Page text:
You might not think about it much if you’re a new homeowner, but your garage door and the entry doors of your home are some of the most important features of your house. Why? Well, they’re major parts of its curb appeal and highlight its overall design, and they’re the entrances most likely to be confronted by uninvited guests.
So, you want to make sure you put some thought into the materials used for those doors, and the design of the doors, to ensure that your home is as safe as possible and still looks great.
Today, we’re going to go over how to contemplate garage doors and entry doors.
Let’s get started.
Key Aspects to Consider When Choosing Exterior Doors
Before we start getting into the types of materials and designs you should be considering, let’s go in-depth about the key points we highlighted earlier.
These can fall into three categories:
- Aesthetic Appeal
This is one of the most important aspects of an entry door or garage door. It doesn’t matter too much if your interior doors are built with security in mind, because if someone has already managed to get into your home, you have a much bigger problem on your hands.
However, your entryways must be designed with security in mind.
When an intruder or otherwise uninvited “guest” attempts to enter your home, they might opt for a window or other unconventional entryway, but for the most part, they will attempt to walk right through your exterior entryways, after all, that’s the easiest way in, and the average criminal isn’t looking to make their job harder.
Luckily, this means a highly secure door is your primary deterrent method, when someone looking to get in without permission is met by a door that can’t be bypassed easily, they are statistically more likely to walk away than to continue their break-in attempt.
Of course, the type of lock system you have installed also greatly affects a door’s security level, but a door made from good materials that complement that lock system is infinitely better than a weak, unreliable, door with a great lock.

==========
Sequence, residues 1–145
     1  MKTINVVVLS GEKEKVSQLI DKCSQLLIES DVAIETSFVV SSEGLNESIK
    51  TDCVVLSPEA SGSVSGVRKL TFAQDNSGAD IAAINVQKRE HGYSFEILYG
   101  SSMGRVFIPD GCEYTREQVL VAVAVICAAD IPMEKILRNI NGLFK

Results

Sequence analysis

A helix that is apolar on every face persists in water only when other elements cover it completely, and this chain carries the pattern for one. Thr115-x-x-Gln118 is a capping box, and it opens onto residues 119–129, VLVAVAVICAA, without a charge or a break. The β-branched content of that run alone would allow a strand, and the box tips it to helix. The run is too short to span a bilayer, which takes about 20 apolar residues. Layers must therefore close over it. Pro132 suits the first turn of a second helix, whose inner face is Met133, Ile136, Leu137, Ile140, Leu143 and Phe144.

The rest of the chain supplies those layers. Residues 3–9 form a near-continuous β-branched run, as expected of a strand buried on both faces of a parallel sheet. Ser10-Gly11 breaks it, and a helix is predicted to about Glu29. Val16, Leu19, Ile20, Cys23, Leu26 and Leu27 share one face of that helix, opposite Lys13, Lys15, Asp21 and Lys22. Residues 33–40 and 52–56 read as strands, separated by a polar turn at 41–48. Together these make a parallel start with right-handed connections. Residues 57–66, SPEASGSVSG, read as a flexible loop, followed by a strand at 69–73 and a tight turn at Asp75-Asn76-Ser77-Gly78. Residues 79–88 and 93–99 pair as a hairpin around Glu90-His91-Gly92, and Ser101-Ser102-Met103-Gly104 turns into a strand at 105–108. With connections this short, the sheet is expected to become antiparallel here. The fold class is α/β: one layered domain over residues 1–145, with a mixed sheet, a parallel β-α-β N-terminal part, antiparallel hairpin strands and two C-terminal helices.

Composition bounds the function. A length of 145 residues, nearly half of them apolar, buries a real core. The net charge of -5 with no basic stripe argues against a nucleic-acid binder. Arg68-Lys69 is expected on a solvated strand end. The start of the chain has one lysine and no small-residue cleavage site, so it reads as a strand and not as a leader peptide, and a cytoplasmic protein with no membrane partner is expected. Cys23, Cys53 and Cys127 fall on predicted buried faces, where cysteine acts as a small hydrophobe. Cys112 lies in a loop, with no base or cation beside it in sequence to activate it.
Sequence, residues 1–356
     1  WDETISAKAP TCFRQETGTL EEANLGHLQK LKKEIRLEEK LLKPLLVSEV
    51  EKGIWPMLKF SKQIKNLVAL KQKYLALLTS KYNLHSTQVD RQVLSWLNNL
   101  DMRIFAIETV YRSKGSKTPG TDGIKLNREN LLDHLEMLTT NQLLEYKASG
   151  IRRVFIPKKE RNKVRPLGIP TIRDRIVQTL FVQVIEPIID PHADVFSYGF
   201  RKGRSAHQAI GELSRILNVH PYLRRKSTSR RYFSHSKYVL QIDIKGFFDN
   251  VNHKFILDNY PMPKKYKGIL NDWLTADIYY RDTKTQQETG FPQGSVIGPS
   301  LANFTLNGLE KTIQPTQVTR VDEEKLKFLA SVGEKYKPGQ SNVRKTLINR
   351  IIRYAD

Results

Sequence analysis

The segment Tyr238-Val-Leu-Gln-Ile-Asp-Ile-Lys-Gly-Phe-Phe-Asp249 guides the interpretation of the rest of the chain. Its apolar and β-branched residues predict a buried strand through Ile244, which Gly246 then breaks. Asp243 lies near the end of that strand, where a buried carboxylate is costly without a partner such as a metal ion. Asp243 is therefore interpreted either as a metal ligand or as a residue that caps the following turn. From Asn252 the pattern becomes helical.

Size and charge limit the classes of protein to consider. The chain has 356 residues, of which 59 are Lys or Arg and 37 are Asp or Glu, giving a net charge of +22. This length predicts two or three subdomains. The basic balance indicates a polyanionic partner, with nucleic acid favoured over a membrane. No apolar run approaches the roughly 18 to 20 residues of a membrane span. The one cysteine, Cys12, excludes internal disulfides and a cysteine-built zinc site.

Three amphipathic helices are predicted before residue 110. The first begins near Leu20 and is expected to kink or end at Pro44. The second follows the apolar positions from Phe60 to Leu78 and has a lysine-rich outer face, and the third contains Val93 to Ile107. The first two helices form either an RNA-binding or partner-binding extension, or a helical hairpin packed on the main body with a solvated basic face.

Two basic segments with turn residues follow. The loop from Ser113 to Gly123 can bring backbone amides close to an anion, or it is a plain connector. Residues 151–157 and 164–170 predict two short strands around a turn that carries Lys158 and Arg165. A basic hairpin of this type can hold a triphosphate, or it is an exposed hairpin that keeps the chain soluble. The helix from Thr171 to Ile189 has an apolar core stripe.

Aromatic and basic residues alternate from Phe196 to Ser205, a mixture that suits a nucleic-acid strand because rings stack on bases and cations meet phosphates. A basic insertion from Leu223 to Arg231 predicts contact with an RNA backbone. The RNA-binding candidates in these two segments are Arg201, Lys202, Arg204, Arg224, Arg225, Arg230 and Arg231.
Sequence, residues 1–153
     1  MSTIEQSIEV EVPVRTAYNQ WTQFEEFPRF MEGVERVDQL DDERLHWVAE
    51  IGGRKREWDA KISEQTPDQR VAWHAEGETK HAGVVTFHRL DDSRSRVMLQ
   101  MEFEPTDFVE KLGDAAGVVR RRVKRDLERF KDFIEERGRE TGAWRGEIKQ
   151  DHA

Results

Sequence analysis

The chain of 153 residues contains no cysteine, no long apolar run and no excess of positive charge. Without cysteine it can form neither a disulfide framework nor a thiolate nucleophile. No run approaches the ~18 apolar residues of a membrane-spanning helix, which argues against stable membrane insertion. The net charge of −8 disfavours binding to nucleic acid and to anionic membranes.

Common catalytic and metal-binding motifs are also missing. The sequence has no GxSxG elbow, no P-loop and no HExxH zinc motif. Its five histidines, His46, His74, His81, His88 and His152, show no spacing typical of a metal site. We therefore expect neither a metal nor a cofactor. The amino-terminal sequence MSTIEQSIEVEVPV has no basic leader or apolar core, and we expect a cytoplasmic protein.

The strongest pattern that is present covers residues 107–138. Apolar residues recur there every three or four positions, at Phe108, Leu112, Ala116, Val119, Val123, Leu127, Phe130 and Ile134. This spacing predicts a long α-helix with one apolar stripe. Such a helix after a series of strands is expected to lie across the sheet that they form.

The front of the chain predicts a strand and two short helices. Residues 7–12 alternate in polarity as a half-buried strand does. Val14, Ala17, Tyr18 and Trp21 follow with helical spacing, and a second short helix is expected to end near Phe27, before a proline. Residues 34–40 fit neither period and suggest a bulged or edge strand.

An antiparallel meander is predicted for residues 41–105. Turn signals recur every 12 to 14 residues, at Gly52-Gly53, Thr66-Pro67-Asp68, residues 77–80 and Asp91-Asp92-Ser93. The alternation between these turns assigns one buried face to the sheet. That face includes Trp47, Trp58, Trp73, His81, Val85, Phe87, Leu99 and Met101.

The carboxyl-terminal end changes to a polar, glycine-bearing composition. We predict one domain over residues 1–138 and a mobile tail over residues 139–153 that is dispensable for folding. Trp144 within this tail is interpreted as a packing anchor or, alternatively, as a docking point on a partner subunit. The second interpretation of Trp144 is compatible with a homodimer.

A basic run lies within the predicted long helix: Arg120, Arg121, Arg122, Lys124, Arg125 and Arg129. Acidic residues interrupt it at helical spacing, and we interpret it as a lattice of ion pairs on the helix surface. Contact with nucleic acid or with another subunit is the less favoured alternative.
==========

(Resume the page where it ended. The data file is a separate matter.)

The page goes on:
This goes for garage doors, too. If an uninvited guest can simply slide up your garage door and bypass the garage’s entryway with ease, they can do so, and your neighbors might not even know that something is up. In comparison, if the door is strong and difficult to bypass, as well as locked securely, they will most likely walk away.
It’s important to note that, when talking about the garage entryway, we mean both the large garage door that slides up for vehicles to enter and the entryway leading from your garage to your home. It’s important to make sure your garage entryway is just as secure, if not more secure, than your front door. If someone breaks into the garage, they have plenty of covers to mess with your garage entry door without neighbors and passersby harassing them.
Next, you have to consider the aesthetic appeal of your entry doors. You can have a beautiful, rustic, log cabin home, but if you slap a modern carbon door on it, it won’t look right. That disjointed look can lower your home’s curb appeal, and ultimately, the price at which you can sell it.
So, you want to pick entry doors that match the overall theme of your home and highlight its most important design themes. Is your home rustic with a lot of natural materials being highlighted? Try teak or rustic iron doors. Is it more modern and contemporary? Iron, steel, some paint-friendly woods, and even some modern polymers make great doors for that design style.
Also, keep in mind that the material itself isn’t the only defining factor.
For example, iron can be made to match rustic, modern, and even Victorian décor themes. Some wood doors can do the same. So, a big part of this depends on the design route the manufacturer takes rather than just the material, although polymers, steel, and some other door materials are more specific to certain designs.